13. Giusti RM, Rutter JL, Duray PH, et al.: A twofold increase in BRCA mutation related prostate cancer among Ashkenazi Israelis is not associated with distinctive histopathology. J Med Genet 40 (10): 787-92, 2003.
  14. Kirchhoff T, Kauff ND, Mitra N, et al.: BRCA mutations and risk of prostate cancer in Ashkenazi Jews. Clin Cancer Res 10 (9): 2918-21, 2004.
  15. Agalliu I, Gern R, Leanza S, et al.: Associations of high-grade prostate cancer with BRCA1 and BRCA2 founder mutations. Clin Cancer Res 15 (3): 1112-20, 2009.
  16. Gallagher DJ, Gaudet MM, Pal P, et al.: Germline BRCA mutations denote a clinicopathologic subset of prostate cancer. Clin Cancer Res 16 (7): 2115-21, 2010.
  17. Cybulski C, Górski B, Gronwald J, et al.: BRCA1 mutations and prostate cancer in Poland. Eur J Cancer Prev 17 (1): 62-6, 2008.
  18. Agalliu I, Karlins E, Kwon EM, et al.: Rare germline mutations in the BRCA2 gene are associated with early-onset prostate cancer. Br J Cancer 97 (6): 826-31, 2007.
  19. Agalliu I, Kwon EM, Zadory D, et al.: Germline mutations in the BRCA2 gene and susceptibility to hereditary prostate cancer. Clin Cancer Res 13 (3): 839-43, 2007.
  20. Tryggvadóttir L, Vidarsdóttir L, Thorgeirsson T, et al.: Prostate cancer progression and survival in BRCA2 mutation carriers. J Natl Cancer Inst 99 (12): 929-35, 2007.
  21. Kote-Jarai Z, Leongamornlert D, Saunders E, et al.: BRCA2 is a moderate penetrance gene contributing to young-onset prostate cancer: implications for genetic testing in prostate cancer patients. Br J Cancer 105 (8): 1230-4, 2011.
  22. Leongamornlert D, Mahmud N, Tymrakiewicz M, et al.: Germline BRCA1 mutations increase prostate cancer risk. Br J Cancer 106 (10): 1697-701, 2012.
  23. Edwards SM, Evans DG, Hope Q, et al.: Prostate cancer in BRCA2 germline mutation carriers is associated with poorer prognosis. Br J Cancer 103 (6): 918-24, 2010.
  24. Thorne H, Willems AJ, Niedermayr E, et al.: Decreased prostate cancer-specific survival of men with BRCA2 mutations from multiple breast cancer families. Cancer Prev Res (Phila) 4 (7): 1002-10, 2011.
  25. Narod SA, Neuhausen S, Vichodez G, et al.: Rapid progression of prostate cancer in men with a BRCA2 mutation. Br J Cancer 99 (2): 371-4, 2008.
  26. Lange EM, Gillanders EM, Davis CC, et al.: Genome-wide scan for prostate cancer susceptibility genes using families from the University of Michigan prostate cancer genetics project finds evidence for linkage on chromosome 17 near BRCA1. Prostate 57 (4): 326-34, 2003.
  27. Zuhlke KA, Madeoy JJ, Beebe-Dimmer J, et al.: Truncating BRCA1 mutations are uncommon in a cohort of hereditary prostate cancer families with evidence of linkage to 17q markers. Clin Cancer Res 10 (18 Pt 1): 5975-80, 2004.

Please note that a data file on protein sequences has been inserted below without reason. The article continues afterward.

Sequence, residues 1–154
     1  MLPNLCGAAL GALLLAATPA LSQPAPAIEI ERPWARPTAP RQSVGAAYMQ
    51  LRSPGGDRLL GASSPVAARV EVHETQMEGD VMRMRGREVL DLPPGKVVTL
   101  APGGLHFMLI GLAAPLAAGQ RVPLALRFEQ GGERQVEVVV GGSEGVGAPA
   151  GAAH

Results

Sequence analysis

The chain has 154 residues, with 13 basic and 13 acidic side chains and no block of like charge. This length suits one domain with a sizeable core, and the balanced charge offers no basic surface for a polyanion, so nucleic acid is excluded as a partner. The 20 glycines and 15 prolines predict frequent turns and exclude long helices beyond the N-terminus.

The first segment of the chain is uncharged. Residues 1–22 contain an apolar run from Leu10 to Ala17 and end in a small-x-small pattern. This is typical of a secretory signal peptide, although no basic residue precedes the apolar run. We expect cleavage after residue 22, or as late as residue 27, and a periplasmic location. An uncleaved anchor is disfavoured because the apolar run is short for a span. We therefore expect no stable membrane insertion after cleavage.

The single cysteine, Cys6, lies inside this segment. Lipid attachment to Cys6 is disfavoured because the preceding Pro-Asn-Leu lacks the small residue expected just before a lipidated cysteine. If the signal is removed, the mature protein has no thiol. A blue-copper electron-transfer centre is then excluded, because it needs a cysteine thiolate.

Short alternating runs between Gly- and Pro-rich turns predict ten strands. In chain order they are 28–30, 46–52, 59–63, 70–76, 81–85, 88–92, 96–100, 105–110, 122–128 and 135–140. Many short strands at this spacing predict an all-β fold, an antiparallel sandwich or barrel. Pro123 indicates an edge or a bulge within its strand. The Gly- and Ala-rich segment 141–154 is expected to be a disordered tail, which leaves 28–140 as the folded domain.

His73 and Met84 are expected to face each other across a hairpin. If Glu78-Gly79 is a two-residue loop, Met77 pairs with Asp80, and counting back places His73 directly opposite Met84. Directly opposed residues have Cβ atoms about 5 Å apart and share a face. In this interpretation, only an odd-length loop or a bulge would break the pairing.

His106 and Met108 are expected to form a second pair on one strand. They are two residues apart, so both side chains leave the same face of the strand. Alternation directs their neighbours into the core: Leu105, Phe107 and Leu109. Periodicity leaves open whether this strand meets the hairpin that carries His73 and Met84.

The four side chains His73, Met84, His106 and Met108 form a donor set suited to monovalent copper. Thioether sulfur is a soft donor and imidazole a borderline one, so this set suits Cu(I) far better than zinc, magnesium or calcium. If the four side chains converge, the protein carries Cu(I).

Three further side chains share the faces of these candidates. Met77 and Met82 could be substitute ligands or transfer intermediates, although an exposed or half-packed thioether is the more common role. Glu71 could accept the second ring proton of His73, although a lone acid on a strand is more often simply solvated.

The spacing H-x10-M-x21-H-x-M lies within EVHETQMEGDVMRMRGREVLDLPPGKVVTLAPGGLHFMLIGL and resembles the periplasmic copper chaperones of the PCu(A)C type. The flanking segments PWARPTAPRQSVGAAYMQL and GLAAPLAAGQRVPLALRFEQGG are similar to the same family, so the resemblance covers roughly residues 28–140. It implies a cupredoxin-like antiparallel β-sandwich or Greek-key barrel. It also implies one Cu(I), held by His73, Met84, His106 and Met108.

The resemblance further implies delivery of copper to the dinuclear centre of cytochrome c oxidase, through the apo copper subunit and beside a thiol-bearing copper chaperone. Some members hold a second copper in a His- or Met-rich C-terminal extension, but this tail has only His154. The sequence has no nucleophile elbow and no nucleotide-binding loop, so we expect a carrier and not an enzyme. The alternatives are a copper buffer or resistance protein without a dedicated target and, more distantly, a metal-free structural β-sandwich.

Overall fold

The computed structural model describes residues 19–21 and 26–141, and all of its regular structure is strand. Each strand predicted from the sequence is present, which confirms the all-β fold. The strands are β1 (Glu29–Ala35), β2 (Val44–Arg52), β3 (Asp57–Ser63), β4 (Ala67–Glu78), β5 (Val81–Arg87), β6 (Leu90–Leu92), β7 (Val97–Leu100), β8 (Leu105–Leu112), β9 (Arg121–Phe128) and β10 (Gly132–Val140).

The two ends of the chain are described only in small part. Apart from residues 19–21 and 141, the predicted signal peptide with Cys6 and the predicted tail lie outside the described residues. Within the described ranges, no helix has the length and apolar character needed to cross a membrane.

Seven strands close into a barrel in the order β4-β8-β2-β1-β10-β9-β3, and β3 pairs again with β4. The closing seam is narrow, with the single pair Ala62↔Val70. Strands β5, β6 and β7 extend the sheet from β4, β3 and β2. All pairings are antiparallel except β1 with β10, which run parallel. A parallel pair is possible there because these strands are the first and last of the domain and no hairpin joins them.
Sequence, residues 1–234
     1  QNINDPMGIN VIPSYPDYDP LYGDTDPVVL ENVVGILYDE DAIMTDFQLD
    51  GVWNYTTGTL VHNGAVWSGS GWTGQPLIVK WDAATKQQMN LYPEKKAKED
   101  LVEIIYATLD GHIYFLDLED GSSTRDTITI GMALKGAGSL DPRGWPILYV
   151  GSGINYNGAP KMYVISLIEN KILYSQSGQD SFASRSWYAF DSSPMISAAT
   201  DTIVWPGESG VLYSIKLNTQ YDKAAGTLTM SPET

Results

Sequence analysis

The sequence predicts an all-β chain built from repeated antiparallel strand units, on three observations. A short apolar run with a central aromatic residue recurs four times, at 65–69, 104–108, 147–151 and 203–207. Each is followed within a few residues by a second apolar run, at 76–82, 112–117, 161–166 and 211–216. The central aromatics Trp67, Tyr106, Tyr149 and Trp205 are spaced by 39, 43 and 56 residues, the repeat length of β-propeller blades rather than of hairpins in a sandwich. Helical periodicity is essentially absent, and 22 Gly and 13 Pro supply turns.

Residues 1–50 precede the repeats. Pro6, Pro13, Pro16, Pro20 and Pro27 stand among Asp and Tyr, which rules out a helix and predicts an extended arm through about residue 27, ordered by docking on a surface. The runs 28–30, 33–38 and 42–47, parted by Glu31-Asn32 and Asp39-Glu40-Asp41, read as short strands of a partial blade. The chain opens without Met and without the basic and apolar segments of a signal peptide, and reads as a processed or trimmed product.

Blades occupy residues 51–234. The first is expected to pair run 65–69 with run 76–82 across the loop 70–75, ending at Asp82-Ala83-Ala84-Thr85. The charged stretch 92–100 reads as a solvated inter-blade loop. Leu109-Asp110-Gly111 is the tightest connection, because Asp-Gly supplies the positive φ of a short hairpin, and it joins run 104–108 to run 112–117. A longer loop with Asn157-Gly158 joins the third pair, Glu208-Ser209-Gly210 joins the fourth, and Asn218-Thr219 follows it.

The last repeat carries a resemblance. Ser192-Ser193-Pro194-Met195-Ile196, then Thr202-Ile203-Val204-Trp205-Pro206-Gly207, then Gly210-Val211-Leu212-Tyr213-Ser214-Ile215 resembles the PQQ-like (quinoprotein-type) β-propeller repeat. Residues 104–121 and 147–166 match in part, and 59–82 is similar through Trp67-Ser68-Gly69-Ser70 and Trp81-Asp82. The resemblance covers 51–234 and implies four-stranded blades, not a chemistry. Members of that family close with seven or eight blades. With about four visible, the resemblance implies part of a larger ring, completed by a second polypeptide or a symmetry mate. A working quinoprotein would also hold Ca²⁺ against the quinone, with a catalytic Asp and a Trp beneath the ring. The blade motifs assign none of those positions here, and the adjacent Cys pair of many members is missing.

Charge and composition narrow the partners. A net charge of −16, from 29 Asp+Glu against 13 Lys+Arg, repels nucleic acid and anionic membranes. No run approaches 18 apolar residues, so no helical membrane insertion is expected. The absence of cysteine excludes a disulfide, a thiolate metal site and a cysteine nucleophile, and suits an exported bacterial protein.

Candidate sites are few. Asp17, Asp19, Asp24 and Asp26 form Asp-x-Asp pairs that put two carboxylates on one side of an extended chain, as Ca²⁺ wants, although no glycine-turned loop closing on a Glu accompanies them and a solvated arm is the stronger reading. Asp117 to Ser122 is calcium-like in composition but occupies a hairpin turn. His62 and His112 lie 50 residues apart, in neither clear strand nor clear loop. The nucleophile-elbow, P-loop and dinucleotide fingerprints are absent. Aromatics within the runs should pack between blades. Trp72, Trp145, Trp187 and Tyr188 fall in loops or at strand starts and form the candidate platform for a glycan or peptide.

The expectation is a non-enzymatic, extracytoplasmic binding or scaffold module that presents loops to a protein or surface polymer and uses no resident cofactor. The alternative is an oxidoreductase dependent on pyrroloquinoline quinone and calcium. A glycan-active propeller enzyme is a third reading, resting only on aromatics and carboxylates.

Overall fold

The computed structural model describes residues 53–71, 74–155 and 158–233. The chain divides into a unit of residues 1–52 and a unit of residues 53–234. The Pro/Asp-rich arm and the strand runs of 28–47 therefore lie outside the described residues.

28. Douglas JA, Levin AM, Zuhlke KA, et al.: Common variation in the BRCA1 gene and prostate cancer risk. Cancer Epidemiol Biomarkers Prev 16 (7): 1510-6, 2007.
  29. Soravia C, van der Klift H, Bründler MA, et al.: Prostate cancer is part of the hereditary non-polyposis colorectal cancer (HNPCC) tumor spectrum. Am J Med Genet 121A (2): 159-62, 2003.
  30. Grindedal EM, Møller P, Eeles R, et al.: Germ-line mutations in mismatch repair genes associated with prostate cancer. Cancer Epidemiol Biomarkers Prev 18 (9): 2460-7, 2009.
  31. Langeberg WJ, Kwon EM, Koopmeiners JS, et al.: Population-based study of the association of variants in mismatch repair genes with prostate cancer risk and outcomes. Cancer Epidemiol Biomarkers Prev 19 (1): 258-64, 2010.
  32. Bauer CM, Ray AM, Halstead-Nussloch BA, et al.: Hereditary prostate cancer as a feature of Lynch syndrome. Fam Cancer 10 (1): 37-42, 2011.
  33. Lange EM, Robbins CM, Gillanders EM, et al.: Fine-mapping the putative chromosome 17q21-22 prostate cancer susceptibility gene to a 10 cM region based on linkage analysis. Hum Genet 121 (1): 49-55, 2007.
  34. Ewing CM, Ray AM, Lange EM, et al.: Germline mutations in HOXB13 and prostate-cancer risk. N Engl J Med 366 (2): 141-9, 2012.

WebMD Public Information from the National Cancer Institute

Last Updated: February 25, 2014
This information is not intended to replace the advice of a doctor. Healthwise disclaims any liability for the decisions you make based on this information.
Next Article:

Today on WebMD

Prostate Cancer Overview
what is your cancer risk
woman speaking with doctor
Prostate Nerve Transplant
cancer fighting foods
15 Cancer Symptoms Men Ignore
Prostate Enlarged
Picture Of The Prostate
Prostate Cancer Quiz
screening tests for men
Prostate Cancer Symptoms
Vitamin D